Emily Lewis manslaughter trial: Speedboat driver cleared of manslaughter after crash which killed Fareham girl

A speedboat pilot has been found not guilty of manslaughter after a crash with a buoy killed a teenage passenger.
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Emily Lewis, 15, suffered fatal injuries after the rigid inflatable boat (Rib) collided with the 4.5m high buoy at 36.6 knots in Southampton Water on August 22 2020. A number of other passengers were seriously injured.

Michael Lawrence, 55, who was driving the boat, was found not guilty of manslaughter by gross negligence, but guilty of failing to maintain a proper lookout and failing to proceed at a safe speed, by the jury. The jury took nearly 18 hours to convict Michael Howley, 52, the owner of Seadogz, the company which operated the boat trip, with not operating the boat safely.

L: Emily Lewis, 15, of Park Gate, Fareham, who died after a speedboat collided into a metal buoy. R: The boat which crashed into the metal buoy.L: Emily Lewis, 15, of Park Gate, Fareham, who died after a speedboat collided into a metal buoy. R: The boat which crashed into the metal buoy.
L: Emily Lewis, 15, of Park Gate, Fareham, who died after a speedboat collided into a metal buoy. R: The boat which crashed into the metal buoy.
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Christine Agnew KC, prosecuting, told the trial at Winchester Crown Court Emily’s parents, Simon and Nikki, had decided to take their daughters Emily and Amy, 18, for the ‘high thrills’ speedboat ride. The rib was recorded to travel at speeds of 47.8 knots, which is in excess of an expired speed limit of 40 knots (46mph) which she said both defendants believed was still in place.

As part of the ride, which took place in ‘perfect conditions’, the Stormforce 950 rib crossed the wake of the Red Falcon ferry five times before it then headed straight towards the North West Netley buoy, which measures 4.69m above the water line. The Rib travelled straight towards the buoy at a speed of 36.6 knots for 14 seconds before hitting it, throwing two passengers into the water and injuring several others.

Emily, of Park Gate, Fareham, suffered severe internal injuries after being crushed against the metal handle in front of her. She was taken ashore by another Rib and then by ambulance to hospital. She died after her family took the decision to turn off her life support system after being told by doctors that she had suffered oxygen starvation to the brain and her injuries were ‘unsurvivable’.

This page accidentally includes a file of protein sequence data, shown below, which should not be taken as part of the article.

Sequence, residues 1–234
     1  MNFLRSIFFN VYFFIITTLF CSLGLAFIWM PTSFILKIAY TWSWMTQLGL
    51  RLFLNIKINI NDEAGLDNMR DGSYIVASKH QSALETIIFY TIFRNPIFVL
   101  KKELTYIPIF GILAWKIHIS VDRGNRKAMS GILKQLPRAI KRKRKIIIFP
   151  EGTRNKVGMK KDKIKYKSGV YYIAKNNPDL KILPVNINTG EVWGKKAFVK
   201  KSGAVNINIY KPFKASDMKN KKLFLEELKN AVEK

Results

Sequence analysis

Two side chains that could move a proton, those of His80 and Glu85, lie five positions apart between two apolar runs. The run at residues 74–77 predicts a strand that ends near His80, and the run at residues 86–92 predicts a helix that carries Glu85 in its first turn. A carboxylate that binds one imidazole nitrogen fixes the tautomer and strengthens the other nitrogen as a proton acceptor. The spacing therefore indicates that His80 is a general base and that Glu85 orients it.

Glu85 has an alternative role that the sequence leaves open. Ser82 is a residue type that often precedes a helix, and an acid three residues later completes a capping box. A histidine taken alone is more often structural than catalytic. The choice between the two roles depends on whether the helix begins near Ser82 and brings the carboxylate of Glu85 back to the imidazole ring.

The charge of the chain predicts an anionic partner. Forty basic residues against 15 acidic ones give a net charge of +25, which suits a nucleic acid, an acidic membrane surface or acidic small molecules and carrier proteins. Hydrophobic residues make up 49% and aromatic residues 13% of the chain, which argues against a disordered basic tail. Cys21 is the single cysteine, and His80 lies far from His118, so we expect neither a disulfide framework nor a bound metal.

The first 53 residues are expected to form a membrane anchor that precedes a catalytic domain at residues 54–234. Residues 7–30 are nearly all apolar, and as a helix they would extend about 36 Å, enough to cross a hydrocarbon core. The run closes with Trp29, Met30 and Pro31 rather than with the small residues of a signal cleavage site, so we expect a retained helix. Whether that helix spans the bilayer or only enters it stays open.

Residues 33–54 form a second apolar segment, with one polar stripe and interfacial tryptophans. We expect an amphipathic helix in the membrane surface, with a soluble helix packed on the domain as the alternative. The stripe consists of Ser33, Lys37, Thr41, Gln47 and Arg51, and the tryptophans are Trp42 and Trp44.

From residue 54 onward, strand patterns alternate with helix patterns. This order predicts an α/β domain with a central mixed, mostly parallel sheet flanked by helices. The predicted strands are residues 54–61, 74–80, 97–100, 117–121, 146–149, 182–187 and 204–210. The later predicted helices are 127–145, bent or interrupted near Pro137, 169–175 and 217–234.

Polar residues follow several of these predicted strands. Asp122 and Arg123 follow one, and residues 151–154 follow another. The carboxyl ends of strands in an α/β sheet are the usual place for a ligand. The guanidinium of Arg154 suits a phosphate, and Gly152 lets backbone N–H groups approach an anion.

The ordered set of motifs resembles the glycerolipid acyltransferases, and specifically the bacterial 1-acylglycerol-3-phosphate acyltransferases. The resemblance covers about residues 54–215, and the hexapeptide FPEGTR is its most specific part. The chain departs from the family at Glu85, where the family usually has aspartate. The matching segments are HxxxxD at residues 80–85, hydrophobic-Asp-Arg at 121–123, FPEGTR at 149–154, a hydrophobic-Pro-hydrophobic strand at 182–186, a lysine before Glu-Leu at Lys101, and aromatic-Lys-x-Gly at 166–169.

Speedboat driver Michael Lawrence who has been acquitted of manslaughter at Winchester Crown Court but found guilty of failing to maintain a proper lookout and failing to maintain a safe speed relating to the death of 15-year-old Emily Lewis following a crash on Southampton Water in 2020. Picture: Andrew Matthews/PASpeedboat driver Michael Lawrence who has been acquitted of manslaughter at Winchester Crown Court but found guilty of failing to maintain a proper lookout and failing to maintain a safe speed relating to the death of 15-year-old Emily Lewis following a crash on Southampton Water in 2020. Picture: Andrew Matthews/PA
Speedboat driver Michael Lawrence who has been acquitted of manslaughter at Winchester Crown Court but found guilty of failing to maintain a proper lookout and failing to maintain a safe speed relating to the death of 15-year-old Emily Lewis following a crash on Southampton Water in 2020. Picture: Andrew Matthews/PA

Ms Agnew said Lawrence, of Blackfield, New Forest, initially said a face mask had blown into his face blocking his vision but later changed his account. The former lifeboatman told jurors he lost his vision momentarily prior to hitting the buoy.

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The court heard that a medical cause such as a blood clot in an artery in his eye was unlikely to have caused vision loss as it was unlikely to have affected both eyes at once. Lawrence was said in court to be an ‘extremely experienced mariner’ and his co-defendant described him as ‘Mr Safe and Mr Cautious’.

As well as serving as an RNLI lifeboatman for 20 years, he held a number of qualifications and he was also the principal of his own RYA recognised training centre, A2Sea, which held power boat courses. Howley, of Hordle, New Forest, who is also a former lifeboatman, said that he used his experience on rescues to inform his risk assessments that he carried out for his business to ensure the safety of the passengers and staff.

Both men will be sentenced at the same court on March 17.